I'm a freelance writer who likes writing about music, film and socio-political issues. Check out my film blog: priscillaeyles.wordpress.com/ and my Soundblab profile: soundblab.com/users/user/profile/id/185.
The exciting and entirely why-didn't-I–think-of-that-before concept of The Cover Up is that they ask favourite bands of theirs to play classic albums, one song each, for one night only. I'd never heard of this night before but when their advert came up on Facebook for a Kate Bush - Hounds of Love night in my local bar/live venue The Good Ship, I knew that a chance to see one of my all time favourite chanteuses' songs played live could not be missed. Especially for £3.60 (plus booking fee) and especially since the chances of seeking Mrs Bush play live were about as high as the chances of The Smiths reforming (and yet one still foolishly hopes that Bush will one day announce a surprise comeback tour).
And there were certainly a lot of people who also felt the same as the place was packed with Bush fans old and new-some decked out in their finest boho flouncy Bush-alike dresses and one guy in random ye olde England Shakespearian type gear (the fact that it sold out so soon does make me think they should really have more Bush-themed nights). This night really felt like it was ]the place to be. And there was a genuine sense of excitement and passion for this kind of night, one could almost say I just know that something good is gonna happen (sorry had to be done). It was really a night for real music fans and it's just great to be in a room full of them, instead of a crowd of disinterested people who constantly talk obnoxiously loud over the music and are there to be cool.
Proceedings were kicked off with The Tiger's Bride represented by the pale-faced and dark-haired lead singer Polly Wright whose cover was the haunting And Dream Of Sheep (the songs not being done in album sequence). It was a cover I wasn't particularly enthralled with as her voice and toy piano alone just wasn't enough to capture the soul and beauty of the song, and it was rather too ploddy although her voice was pleasant. Things picked up though with the next act Stoke Newington singer-songwriter Miranda Quammie who took to the keyboard to do an exquisite cover of Hello Earth, which really benefited from her velvet- liquid voice.
Other highlights of the night included a bewitching (ahem) cover of Waking the Witch (probably one of the hardest songs to cover) by The Little Unsaid aka 26 year-old John Elliott who started nervously by saying "This is quite a weird song, I'm not quite sure how this is going to go" . And then proceeded to have the audience in the palm of his hand, as he played out vocal samples (from as diverse sources as Vladimir Putin and Arundahti Roy with the theme of persecution, a strong theme of the song) and looped his voice on an Ableton while passionately strumming his acoustic guitar and singing passionately and soulfully.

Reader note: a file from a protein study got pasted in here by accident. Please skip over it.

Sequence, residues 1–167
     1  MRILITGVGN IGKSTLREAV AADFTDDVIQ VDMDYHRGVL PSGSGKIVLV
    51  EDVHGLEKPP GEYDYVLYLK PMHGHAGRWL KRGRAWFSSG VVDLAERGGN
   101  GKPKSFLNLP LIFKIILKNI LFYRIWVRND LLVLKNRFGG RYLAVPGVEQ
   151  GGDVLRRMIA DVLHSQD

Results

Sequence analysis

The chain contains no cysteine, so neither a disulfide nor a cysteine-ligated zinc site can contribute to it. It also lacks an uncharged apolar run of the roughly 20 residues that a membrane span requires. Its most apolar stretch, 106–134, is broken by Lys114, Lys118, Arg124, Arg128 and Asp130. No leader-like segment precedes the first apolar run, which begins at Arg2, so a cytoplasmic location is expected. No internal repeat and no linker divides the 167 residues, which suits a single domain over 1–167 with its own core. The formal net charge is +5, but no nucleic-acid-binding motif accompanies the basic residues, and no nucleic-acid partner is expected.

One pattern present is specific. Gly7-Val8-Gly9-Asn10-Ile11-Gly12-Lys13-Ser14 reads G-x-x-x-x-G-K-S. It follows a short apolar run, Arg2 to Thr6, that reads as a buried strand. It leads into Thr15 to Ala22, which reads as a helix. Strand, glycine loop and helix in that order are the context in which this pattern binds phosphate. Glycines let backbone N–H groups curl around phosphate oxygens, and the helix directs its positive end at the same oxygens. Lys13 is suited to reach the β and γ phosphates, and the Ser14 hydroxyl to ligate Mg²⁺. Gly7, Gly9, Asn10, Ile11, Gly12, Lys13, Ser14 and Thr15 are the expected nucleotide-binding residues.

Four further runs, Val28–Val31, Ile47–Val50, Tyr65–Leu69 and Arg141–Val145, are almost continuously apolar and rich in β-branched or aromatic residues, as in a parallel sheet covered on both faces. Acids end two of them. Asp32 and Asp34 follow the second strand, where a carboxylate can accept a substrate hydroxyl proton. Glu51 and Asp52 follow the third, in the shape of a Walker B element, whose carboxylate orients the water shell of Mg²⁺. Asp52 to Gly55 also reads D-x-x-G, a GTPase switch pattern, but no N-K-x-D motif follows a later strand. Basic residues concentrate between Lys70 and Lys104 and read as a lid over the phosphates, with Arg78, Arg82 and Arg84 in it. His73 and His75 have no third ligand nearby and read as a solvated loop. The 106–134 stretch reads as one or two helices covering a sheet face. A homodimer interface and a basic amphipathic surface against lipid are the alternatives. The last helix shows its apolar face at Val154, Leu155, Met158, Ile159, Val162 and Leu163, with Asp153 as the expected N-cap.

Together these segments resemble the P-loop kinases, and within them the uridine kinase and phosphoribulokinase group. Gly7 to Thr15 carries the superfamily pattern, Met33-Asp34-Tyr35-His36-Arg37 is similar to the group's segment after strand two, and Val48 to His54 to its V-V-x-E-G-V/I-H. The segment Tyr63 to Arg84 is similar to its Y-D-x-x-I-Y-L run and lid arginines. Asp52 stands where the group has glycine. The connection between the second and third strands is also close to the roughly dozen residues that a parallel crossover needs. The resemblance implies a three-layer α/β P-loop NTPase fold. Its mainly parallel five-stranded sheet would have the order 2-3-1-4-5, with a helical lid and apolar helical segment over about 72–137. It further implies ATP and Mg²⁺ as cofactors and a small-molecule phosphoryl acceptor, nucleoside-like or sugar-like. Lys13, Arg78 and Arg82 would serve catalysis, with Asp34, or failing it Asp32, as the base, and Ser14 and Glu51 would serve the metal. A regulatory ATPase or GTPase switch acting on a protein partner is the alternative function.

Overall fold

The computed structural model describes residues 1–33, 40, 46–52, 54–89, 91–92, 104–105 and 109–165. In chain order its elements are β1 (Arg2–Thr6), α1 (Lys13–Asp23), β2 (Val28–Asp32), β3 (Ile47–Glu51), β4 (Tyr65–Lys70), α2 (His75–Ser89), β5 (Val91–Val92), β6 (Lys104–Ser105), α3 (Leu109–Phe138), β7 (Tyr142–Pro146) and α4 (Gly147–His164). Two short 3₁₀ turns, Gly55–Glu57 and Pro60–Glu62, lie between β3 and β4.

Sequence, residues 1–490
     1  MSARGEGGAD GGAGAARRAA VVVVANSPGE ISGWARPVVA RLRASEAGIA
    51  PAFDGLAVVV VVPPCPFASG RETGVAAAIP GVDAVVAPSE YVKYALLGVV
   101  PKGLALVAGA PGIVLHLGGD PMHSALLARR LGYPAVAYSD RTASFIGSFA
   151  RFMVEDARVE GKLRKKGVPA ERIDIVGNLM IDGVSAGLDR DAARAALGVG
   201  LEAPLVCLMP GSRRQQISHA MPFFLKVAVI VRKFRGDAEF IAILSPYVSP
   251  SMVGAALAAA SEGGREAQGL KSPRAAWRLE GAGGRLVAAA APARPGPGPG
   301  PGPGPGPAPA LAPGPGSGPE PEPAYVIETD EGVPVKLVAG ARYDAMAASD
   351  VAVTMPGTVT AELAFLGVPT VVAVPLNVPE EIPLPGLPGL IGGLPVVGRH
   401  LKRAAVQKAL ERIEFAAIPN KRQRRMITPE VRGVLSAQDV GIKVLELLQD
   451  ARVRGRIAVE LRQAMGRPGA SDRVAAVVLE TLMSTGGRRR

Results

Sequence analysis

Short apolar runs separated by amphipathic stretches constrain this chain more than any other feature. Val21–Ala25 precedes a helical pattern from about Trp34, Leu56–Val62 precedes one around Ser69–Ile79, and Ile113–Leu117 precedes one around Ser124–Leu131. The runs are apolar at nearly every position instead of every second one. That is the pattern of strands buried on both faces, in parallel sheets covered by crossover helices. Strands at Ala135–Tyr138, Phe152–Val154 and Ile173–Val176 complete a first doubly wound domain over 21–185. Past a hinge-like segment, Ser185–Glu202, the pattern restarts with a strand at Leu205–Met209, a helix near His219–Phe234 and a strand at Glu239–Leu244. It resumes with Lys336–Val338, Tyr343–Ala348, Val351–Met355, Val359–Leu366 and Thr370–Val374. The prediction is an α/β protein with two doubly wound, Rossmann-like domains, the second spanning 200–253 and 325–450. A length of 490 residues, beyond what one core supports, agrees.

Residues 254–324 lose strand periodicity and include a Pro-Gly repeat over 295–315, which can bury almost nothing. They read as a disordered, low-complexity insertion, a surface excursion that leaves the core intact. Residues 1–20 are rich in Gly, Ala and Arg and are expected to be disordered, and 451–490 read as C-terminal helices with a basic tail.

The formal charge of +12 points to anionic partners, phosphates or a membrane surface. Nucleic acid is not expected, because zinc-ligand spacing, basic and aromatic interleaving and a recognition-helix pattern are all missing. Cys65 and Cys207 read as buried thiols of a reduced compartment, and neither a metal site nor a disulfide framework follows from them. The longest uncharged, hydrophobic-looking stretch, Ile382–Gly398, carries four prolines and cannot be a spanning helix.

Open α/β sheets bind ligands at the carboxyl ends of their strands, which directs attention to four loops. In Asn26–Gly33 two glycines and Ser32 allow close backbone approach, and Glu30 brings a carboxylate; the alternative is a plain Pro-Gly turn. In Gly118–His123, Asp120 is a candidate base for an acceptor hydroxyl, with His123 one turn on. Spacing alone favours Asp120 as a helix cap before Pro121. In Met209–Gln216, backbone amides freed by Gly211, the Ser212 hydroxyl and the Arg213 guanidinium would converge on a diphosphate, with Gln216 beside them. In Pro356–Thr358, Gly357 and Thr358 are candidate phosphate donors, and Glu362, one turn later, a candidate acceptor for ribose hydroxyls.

I also really enjoyed an energetic acoustic rendition of the highly danceable folky Jig of Life by Seasons in Shorthand complete with fiddle solo translated to guitar which had everyone doing their best Riverdance impression. While a slowed down cover of Running Up That Hill by Johanna Glaza (reminding me a bit of Lykke Li or Joanna Newsom in her child-like singing voice) really brought out it's sublime melodies and had a pretty Glockenspiel part.
Mention must also be made of You People's bluesy rock version of Mother Stands For Comfort with some great yearning vocals from lead singer Guy Stevenson, as well as The Freudstein House Band's more gothic sounding and stripped down version of The Morning Fog with sultry-voiced singer Kate French simply accompanied by electric guitar.
In-between songs the audience was treated to Bush and contextual facts from Cover Up organiser Lucy Bryant (her own version of The Big Sky while musically good failed unfortunately on the vocal side), some of which were interesting like how the vocal sample from Hound Of Love was from Jacques Tourneur's Night of the Demon. And others of which sounded like they were, um, hastily put together for a class presentation, did you know that a lot of 80s music used synths? But bless her, she tries, and they have to have some way of filling up time between band set ups I suppose, though I could've done with more djing/music in lieu of anything non-enlightening.
The Cover Up will return with Michael Jackson's Thriller and Talking Heads Stop Making Sense, look for their Facebook page for more details. At under a fiver to see your favourite albums played live and the chance to discover your new favourite band you can't say fairer than that, you might even say wow! wow! wow! wow! wow! wow! unbelievable!